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Microsoft KB Archive/100642

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Setting Dynamic Breakpoints in WinDbg

Q100642



The information in this article applies to:


  • Microsoft Win32 Software Development Kit (SDK), versions 3.1, 3.5, 3.51, 4.0





SUMMARY

The WinDbg breakpoint command contains a metacircular interpreter; that is, you can execute commands dynamically once a breakpoint is hit. This allows you to perform complex operations, including breaking when an automatic variable has changed, as described below.

The command interpreter of WinDbg allows any valid C expression to serve as a break condition. For example, to break whenever a static variable has changed, use the following expression in the Expression field of the breakpoint dialog box:

&<variablename>

In addition, the length should be specified as 4 (the size of a DWORD) in the length field.

This technique does not work for automatic variables because the address of an automatic variable may change depending on the value that the stack pointer has upon entering the function that defines the automatic variable. This is one case where the breakpoint needs to be redefined dynamically.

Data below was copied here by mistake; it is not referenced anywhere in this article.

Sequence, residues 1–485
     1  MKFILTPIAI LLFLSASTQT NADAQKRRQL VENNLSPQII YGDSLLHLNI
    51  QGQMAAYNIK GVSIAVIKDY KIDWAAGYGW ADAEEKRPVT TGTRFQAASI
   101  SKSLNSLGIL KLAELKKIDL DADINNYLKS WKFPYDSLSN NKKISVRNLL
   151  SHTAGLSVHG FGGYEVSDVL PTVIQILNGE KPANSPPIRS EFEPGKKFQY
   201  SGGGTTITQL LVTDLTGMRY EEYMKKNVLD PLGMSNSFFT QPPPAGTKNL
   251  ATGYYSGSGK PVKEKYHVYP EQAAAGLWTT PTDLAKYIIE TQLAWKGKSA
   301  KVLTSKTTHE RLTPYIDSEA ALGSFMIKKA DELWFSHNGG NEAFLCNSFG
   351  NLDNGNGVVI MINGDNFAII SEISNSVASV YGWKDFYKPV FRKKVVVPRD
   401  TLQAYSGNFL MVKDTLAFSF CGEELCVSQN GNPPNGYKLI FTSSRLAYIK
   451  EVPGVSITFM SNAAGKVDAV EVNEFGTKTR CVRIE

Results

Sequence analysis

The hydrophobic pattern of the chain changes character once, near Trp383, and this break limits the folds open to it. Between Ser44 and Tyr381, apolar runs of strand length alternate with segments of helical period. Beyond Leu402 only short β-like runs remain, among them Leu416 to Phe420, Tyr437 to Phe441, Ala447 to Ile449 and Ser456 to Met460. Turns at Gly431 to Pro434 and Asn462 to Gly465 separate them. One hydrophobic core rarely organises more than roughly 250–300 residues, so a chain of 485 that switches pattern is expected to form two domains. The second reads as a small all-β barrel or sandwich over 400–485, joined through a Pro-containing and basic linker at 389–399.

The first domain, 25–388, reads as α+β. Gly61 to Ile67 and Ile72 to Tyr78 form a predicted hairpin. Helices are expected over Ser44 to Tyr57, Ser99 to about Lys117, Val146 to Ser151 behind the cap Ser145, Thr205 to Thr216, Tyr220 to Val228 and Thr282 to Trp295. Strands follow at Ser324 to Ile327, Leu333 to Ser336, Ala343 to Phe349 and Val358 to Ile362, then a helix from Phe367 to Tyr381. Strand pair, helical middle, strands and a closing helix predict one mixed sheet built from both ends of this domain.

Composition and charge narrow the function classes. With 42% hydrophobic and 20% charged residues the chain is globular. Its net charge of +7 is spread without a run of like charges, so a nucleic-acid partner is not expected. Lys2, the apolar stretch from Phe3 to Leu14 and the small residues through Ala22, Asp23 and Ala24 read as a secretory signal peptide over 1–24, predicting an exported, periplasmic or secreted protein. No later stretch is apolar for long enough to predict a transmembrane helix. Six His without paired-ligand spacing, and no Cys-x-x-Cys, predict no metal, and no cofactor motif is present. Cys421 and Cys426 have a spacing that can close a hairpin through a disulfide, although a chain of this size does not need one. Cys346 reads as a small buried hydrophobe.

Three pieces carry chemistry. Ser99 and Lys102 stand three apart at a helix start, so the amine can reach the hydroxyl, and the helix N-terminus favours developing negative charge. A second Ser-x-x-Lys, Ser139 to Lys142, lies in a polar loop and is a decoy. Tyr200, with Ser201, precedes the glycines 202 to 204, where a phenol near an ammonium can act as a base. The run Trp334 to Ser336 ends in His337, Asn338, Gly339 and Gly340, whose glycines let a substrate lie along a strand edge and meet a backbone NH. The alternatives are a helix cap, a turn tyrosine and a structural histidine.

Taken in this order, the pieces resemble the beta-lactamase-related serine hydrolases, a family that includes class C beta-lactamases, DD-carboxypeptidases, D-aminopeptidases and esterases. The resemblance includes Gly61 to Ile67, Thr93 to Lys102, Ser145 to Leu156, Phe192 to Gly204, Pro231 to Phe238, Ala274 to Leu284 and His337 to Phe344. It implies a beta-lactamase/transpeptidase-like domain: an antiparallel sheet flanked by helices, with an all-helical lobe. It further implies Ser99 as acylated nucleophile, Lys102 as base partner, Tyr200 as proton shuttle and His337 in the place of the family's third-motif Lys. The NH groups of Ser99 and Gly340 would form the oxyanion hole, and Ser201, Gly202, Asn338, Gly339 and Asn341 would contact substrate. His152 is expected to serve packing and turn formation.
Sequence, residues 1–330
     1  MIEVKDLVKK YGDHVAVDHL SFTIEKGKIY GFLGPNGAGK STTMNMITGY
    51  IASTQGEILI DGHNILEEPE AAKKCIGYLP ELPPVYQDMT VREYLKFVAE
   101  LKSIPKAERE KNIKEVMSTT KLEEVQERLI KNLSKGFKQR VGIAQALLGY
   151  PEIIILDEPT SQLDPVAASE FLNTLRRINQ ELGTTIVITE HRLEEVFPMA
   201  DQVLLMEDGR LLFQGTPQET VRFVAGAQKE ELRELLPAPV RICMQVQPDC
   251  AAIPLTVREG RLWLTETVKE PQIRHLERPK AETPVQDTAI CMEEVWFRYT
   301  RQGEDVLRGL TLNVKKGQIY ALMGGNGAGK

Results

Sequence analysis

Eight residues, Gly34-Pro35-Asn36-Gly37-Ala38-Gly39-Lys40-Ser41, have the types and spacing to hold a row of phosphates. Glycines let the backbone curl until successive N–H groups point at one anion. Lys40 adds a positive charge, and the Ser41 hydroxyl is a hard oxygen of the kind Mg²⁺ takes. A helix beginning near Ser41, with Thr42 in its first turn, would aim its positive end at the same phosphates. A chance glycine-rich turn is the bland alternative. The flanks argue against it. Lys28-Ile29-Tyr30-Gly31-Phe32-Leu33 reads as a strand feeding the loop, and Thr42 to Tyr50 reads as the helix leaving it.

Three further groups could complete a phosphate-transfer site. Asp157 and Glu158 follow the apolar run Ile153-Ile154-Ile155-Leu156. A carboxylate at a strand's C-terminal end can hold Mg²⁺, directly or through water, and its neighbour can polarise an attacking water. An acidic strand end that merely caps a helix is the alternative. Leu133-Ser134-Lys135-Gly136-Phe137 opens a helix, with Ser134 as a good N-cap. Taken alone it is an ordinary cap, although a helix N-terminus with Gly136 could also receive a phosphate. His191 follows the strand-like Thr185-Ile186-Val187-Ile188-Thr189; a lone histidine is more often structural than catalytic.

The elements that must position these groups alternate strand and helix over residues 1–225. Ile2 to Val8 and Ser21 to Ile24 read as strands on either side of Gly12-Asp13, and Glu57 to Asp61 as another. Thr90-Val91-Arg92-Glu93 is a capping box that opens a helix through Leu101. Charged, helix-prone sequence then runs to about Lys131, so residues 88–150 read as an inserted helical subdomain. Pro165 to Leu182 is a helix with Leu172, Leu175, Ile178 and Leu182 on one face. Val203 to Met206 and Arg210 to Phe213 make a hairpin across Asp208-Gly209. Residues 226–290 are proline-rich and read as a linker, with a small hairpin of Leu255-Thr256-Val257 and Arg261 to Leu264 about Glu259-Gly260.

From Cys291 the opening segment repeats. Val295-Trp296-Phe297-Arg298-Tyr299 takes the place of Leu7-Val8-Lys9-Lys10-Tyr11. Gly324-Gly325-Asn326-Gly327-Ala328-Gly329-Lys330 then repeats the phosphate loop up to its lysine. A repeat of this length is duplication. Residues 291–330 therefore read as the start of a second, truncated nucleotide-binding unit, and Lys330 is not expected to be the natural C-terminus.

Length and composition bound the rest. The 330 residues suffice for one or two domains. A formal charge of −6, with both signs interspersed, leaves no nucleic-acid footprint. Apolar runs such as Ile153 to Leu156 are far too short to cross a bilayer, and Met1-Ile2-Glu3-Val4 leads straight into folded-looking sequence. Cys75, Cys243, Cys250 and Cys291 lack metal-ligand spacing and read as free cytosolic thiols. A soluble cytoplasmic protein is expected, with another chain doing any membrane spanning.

For this purpose, a breakpoint can be enabled at function start and disabled at function exit, so that the address of the variable is recomputed.



MORE INFORMATION

Suppose that the name of the function is "subroutine" and the local variable name is "i". The following steps will be used:


  1. Start the program and step into the function that defines the automatic variable with the commands:

          g subroutine
          p
          bp500 ={subroutine}&i /r4 /C"?i" 

    The breakpoint number is chosen to be large so that the breakpoint will be well out of range of other breakpoints. Note that /r4 indicates a length of 4 because i is an integer. Make this number larger for other data types. The command "?i" prints out the value of i.

  2. Next, disable this first breakpoint with the command

          bd500 

    because the address of i may change. The breakpoint will be enabled when in the scope of function subroutine.

  3. The second breakpoint definition is set at the entry point of the function:

          bp .<FirstLine> /C"be 500;g" 

    This is where thebreakpoint is enabled. Note that <FirstLine> is the line number of the first statement in the function subroutine.

  4. The last breakpoint is set at the end of the function

          bp .<LastLine> /C"bd 500;g" 

    and will disable the breakpoint again. Note that <LastLine> is the line number of the last statement in the function subroutine.

    Note that if the function has more than one exit point, multiple breakpoints may have to be defined.

Program execution stops when breakpoint #500 is hit (for example, the value of i changes), but execution will continue after the other two breakpoints because they contain go ("g") commands.

Additional query words: 3.10 3.50 4.00 95

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Last Reviewed: January 18, 2000
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